Today’s CIOs traverse a minefield of risk, compliance, and cultural sensitivities when it comes to deploying algorithm-driven business processes.
Algorithms are the heartbeat of applications, but they may not be perceived as entirely benign by their intended beneficiaries.
Most educated people know that an algorithm is simply any stepwise computational procedure. Most computer programs are algorithms of one sort of another. Embedded in operational applications, algorithms make decisions, take actions, and deliver results continuously, reliably, and invisibly. But on the odd occasion that an algorithm stings — encroaching on customer privacy, refusing them a home loan, or perhaps targeting them with a barrage of objectionable solicitation — stakeholders’ understandable reaction may be to swat back in anger, and possibly with legal action.
Regulatory mandates are starting to require algorithm auditing
Today’s CIOs traverse a minefield of risk, compliance, and cultural sensitivities when it comes to deploying algorithm-driven business processes, especially those powered by artificial intelligence (AI), deep learning (DL), and machine learning (ML).
Many of these concerns revolve around the possibility that algorithmic processes can unwittingly inflict racial biases, privacy encroachments, and job-killing automations on society at large, or on vulnerable segments thereof. Surprisingly, some leading tech industry execs even regard algorithmic processes as a potential existential threat to humanity. Other observers see ample potential for algorithmic outcomes to grow increasingly absurd and counterproductive.
Lack of transparent accountability for algorithm-driven decision making tends to raise alarms among impacted parties. Many of the most complex algorithms are authored by an ever-changing, seemingly anonymous cavalcade of programmers over many years. Algorithms’ seeming anonymity — coupled with their daunting size, complexity and obscurity — presents the human race with a seemingly intractable problem: How can public and private institutions in a democratic society establish procedures for effective oversight of algorithmic decisions?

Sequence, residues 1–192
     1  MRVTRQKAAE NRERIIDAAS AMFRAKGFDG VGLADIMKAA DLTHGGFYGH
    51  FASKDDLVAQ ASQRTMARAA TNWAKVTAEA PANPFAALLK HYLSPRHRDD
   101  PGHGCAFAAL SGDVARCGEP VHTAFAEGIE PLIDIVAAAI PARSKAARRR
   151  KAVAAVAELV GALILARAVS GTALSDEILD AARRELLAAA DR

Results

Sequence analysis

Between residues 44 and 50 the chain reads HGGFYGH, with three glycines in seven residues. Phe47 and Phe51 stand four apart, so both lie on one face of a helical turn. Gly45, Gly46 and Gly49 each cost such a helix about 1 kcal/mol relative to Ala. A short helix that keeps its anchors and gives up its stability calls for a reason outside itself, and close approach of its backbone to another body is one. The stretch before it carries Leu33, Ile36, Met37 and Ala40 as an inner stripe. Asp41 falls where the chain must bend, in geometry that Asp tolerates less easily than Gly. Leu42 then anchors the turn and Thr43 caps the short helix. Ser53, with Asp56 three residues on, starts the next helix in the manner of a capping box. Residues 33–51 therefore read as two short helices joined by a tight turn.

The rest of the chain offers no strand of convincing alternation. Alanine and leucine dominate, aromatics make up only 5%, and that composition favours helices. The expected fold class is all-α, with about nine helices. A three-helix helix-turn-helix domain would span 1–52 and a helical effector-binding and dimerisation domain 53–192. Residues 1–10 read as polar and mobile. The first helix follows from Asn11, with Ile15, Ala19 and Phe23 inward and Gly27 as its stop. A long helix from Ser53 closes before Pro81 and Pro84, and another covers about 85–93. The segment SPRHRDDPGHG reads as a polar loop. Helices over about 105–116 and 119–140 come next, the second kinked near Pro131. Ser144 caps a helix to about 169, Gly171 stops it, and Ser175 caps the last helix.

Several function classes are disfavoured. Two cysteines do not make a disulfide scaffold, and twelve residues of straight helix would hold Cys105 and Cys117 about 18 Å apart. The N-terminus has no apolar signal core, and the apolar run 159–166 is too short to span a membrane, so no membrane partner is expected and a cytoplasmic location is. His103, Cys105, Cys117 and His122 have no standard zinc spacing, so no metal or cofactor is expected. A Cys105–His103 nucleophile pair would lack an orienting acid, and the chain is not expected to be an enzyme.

Much as complex bureaucracies tend to shield the instigators of unwise decisions, convoluted algorithms can obscure the specific factors that drove a specific piece of software to operate in a specific way under specific circumstances. In recent years, popular calls for auditing of enterprises’ algorithm-driven business processes has grown. Regulations such as the European Union (EU)’s General Data Protection Regulation may force your hand in this regard. GDPR prohibits any “automated individual decision-making” that “significantly affects” EU citizens.
Specifically, GDPR restricts any algorithmic approach that factors a wide range of personal data — including behavior, location, movements, health, interests, preferences, economic status, and so on—into automated decisions. The EU’s regulation requires that impacted individuals have the option to review the specific sequence of steps, variables, and data behind a particular algorithmic decision. And that requires that an audit log be kept for review and that auditing tools support rollup of algorithmic decision factors.
Considering how influential GDPR has been on other privacy-focused regulatory initiatives around the world, it wouldn’t be surprising to see laws and regulations mandate these sorts of auditing requirements placed on businesses operating in most industrialized nations before long.
Anticipating this trend by a decade, the US Federal Reserve’s SR-11 guidance on model risk management, issued in 2011, mandates that banking organizations conduct audits of ML and other statistical models in order to be alert to the possibility of financial loss due to algorithmic decisions. It also spells out the key aspects of an effective model risk management framework, including robust model development, implementation, and use; effective model validation; and sound governance, policies, and controls.
Even if one’s organization is not responding to any specific legal or regulatory requirements for rooting out evidence of fairness, bias, and discrimination in your algorithms, it may be prudent from a public relations standpoint. If nothing else, it would signal enterprise commitment to ethical guidance that encompasses application development and machine learning DevOps practices.